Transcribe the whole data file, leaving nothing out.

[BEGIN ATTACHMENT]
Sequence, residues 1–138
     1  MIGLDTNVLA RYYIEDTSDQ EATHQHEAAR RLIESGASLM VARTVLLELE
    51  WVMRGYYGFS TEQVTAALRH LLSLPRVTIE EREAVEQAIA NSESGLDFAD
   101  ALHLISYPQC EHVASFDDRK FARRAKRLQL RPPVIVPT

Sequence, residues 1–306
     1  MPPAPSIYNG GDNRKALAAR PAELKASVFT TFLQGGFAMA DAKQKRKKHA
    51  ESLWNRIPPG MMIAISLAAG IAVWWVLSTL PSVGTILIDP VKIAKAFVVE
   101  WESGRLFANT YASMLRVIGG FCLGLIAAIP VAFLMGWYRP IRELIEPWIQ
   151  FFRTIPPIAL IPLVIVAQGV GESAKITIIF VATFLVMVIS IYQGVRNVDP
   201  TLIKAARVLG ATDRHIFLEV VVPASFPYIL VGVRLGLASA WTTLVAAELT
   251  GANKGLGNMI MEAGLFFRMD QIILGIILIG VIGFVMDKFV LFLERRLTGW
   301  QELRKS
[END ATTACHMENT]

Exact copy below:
Sequence, residues 1–138
     1  MIGLDTNVLA RYYIEDTSDQ EATHQHEAAR RLIESGASLM VARTVLLELE
    51  WVMRGYYGFS TEQVTAALRH LLSLPRVTIE EREAVEQAIA NSESGLDFAD
   101  ALHLISYPQC EHVASFDDRK FARRAKRLQL RPPVIVPT

Sequence, residues 1–306
     1  MPPAPSIYNG GDNRKALAAR PAELKASVFT TFLQGGFAMA DAKQKRKKHA
    51  ESLWNRIPPG MMIAISLAAG IAVWWVLSTL PSVGTILIDP VKIAKAFVVE
   101  WESGRLFANT YASMLRVIGG FCLGLIAAIP VAFLMGWYRP IRELIEPWIQ
   151  FFRTIPPIAL IPLVIVAQGV GESAKITIIF VATFLVMVIS IYQGVRNVDP
   201  TLIKAARVLG ATDRHIFLEV VVPASFPYIL VGVRLGLASA WTTLVAAELT
   251  GANKGLGNMI MEAGLFFRMD QIILGIILIG VIGFVMDKFV LFLERRLTGW
   301  QELRKS